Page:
Understanding the Costs of a Contested Divorce: Factors that Contribute to Expenses

Why Can a Contested Divorce Be Expensive?


Contested divorces often come with significant financial implications due to the complexities and time involved in the legal process. In this post, we will address the factors that contribute to the expenses of a contested divorce and shed light on the billing practices that attorneys typically follow. By understanding these factors, you can better navigate the financial aspects of your divorce.

  1. Hourly Rates and Retainers:

Many attorneys handle contested divorce cases by charging an hourly rate for their services. They typically require a retainer upfront, which is a deposit against which the attorney’s fees will be billed. The hourly rate and the retainer amount can vary depending on the attorney’s experience and reputation.

  1. Factors Increasing Attorney Time:

Several factors can significantly increase the amount of time an attorney spends on your contested divorce case. These factors include:

Discovery: Gathering and exchanging relevant information and documents can be a time-consuming process, especially if there are complex financial matters or disputes over assets.

Difficult Spouse: Dealing with an uncooperative or combative spouse can lead to prolonged negotiations, communications, and additional court appearances.

Difficult Opposing Counsel: If the opposing counsel is challenging or engages in contentious tactics, it can further prolong the legal proceedings.

Complexity of the Case: Matters such as property divisions requiring a Qualified Domestic Relations Order (QDRO) or deed filings can add complexity and time to the case.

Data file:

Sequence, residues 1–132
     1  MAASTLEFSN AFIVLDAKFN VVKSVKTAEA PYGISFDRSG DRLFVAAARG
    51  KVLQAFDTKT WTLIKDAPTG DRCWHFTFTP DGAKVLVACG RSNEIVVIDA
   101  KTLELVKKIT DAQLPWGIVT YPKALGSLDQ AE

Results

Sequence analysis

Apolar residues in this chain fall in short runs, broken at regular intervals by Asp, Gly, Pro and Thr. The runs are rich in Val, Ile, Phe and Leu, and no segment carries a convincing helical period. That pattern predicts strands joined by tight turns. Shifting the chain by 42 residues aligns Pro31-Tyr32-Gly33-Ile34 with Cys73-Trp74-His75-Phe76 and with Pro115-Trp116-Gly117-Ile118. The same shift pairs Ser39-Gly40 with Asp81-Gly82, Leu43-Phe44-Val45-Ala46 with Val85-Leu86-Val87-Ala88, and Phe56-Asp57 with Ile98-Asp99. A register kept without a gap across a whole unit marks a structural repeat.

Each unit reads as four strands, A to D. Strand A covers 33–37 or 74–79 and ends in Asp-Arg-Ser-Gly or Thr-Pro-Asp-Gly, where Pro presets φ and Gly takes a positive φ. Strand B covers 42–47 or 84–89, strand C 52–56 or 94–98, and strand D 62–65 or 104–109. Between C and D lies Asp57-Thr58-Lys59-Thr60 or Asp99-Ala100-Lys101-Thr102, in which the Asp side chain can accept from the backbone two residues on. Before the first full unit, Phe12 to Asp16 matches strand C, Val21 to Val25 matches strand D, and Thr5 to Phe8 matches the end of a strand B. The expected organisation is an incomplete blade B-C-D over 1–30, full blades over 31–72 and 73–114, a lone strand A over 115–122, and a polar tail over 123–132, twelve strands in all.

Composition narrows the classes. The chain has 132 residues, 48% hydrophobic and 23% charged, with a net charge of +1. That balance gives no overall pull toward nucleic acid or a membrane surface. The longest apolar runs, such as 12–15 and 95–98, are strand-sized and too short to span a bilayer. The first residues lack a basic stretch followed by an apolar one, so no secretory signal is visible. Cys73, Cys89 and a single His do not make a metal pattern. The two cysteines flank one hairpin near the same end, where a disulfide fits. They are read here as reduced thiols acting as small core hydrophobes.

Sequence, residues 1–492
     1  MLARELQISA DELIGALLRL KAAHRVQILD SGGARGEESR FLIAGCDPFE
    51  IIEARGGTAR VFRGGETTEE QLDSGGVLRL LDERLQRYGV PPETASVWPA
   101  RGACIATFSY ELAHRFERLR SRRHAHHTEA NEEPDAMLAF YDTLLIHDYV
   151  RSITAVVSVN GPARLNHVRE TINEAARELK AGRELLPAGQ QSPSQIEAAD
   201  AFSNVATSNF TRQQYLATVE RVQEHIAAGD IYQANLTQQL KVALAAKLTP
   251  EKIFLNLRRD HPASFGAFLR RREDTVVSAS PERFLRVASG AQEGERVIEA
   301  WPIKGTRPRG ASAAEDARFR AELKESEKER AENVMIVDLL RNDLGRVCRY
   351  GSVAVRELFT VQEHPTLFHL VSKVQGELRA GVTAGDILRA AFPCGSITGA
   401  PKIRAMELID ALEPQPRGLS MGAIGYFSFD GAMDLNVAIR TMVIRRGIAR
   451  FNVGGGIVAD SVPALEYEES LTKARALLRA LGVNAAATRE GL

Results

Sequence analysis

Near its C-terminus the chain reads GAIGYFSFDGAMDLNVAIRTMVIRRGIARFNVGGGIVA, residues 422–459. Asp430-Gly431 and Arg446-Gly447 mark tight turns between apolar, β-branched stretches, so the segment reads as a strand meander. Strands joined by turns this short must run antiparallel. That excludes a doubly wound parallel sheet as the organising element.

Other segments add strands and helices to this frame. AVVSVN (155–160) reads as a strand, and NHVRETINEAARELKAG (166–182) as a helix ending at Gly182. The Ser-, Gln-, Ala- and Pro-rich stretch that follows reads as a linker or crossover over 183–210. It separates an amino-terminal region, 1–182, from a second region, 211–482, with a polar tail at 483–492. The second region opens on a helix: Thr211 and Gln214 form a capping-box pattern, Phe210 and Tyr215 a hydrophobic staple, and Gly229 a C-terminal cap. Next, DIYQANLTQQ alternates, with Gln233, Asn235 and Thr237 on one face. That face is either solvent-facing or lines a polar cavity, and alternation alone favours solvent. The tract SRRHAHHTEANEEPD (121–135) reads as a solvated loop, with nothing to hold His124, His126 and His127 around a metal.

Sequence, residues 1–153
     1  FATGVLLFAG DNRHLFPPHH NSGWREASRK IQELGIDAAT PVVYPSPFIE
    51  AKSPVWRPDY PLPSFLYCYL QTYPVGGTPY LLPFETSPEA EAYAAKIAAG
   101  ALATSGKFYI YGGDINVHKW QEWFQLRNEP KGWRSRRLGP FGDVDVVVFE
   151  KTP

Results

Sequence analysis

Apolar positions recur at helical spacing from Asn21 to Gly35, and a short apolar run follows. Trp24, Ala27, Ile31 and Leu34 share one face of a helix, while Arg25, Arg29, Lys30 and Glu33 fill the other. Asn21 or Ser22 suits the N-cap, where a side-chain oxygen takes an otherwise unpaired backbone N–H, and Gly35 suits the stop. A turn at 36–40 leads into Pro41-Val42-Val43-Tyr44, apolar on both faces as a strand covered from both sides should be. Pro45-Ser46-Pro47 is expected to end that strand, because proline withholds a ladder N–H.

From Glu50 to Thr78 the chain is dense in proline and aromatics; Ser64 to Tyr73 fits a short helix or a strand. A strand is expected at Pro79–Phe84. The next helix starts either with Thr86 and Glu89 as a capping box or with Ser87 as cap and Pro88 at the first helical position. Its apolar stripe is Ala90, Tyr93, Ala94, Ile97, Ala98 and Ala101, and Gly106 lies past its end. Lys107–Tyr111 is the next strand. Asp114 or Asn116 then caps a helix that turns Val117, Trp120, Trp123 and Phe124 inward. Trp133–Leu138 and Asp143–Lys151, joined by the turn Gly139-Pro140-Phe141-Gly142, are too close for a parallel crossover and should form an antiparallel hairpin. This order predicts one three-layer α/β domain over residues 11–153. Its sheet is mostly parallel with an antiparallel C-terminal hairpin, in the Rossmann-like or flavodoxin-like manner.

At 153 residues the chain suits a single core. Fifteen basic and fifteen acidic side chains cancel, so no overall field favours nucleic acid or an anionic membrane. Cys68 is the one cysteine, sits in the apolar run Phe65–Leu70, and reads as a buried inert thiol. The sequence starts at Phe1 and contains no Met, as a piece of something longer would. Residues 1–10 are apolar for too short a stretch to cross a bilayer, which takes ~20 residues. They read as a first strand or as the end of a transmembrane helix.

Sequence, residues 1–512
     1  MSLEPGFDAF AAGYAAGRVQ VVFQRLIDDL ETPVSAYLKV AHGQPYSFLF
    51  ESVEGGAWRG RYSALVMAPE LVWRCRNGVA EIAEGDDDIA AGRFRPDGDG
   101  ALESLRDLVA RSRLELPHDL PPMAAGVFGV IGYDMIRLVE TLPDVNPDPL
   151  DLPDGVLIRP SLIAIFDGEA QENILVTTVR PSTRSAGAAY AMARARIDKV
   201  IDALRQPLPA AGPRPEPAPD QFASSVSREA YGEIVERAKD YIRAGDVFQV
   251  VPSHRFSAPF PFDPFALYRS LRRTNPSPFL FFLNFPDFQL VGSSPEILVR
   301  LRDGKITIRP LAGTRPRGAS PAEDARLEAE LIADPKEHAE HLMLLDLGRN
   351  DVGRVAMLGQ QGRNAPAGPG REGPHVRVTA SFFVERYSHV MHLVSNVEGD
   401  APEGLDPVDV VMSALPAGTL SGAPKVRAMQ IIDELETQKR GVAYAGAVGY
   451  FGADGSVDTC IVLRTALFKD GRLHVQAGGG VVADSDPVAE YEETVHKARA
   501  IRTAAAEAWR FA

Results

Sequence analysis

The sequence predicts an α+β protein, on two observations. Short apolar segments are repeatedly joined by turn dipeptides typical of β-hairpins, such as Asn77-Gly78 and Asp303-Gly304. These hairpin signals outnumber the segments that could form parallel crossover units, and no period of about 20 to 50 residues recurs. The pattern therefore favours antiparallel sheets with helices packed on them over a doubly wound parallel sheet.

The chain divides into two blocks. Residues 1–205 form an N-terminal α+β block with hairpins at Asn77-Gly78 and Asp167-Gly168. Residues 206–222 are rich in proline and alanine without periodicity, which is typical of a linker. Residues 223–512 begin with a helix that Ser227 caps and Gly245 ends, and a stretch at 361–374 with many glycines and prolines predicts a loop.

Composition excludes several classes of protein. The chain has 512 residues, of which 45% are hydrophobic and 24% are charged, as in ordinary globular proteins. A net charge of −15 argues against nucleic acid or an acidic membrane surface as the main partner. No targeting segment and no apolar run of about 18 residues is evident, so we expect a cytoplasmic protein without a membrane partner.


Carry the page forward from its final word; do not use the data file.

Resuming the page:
Child Custody, Support, and Parenting Plan: Resolving disputes related to child custody, support, and parenting plans often involve detailed negotiations and court appearances.

Temporary Order Hearings: Requesting and attending hearings for temporary orders can contribute to additional attorney time.

Mediation and Motion Hearings: Participating in mediation sessions and addressing various motions, such as a motion to compel, can also increase attorney involvement.

  1. Billing Process and Consultations:

Attorneys bill their clients for the time spent on their cases, including consultations and working hours. Each time you consult with your attorney or every hour the attorney works on your case, you can expect to be billed accordingly. This billing practice is similar to any profession where time and expertise are compensated.


Contested divorces can be expensive due to various factors, including attorneys’ hourly rates, retainers, complexities of the case, and the time required to handle the legal proceedings. It is crucial to be aware of these factors and the billing process employed by your attorney. Open communication with your attorney about costs and billing can help you manage your expectations and make informed decisions during your contested divorce.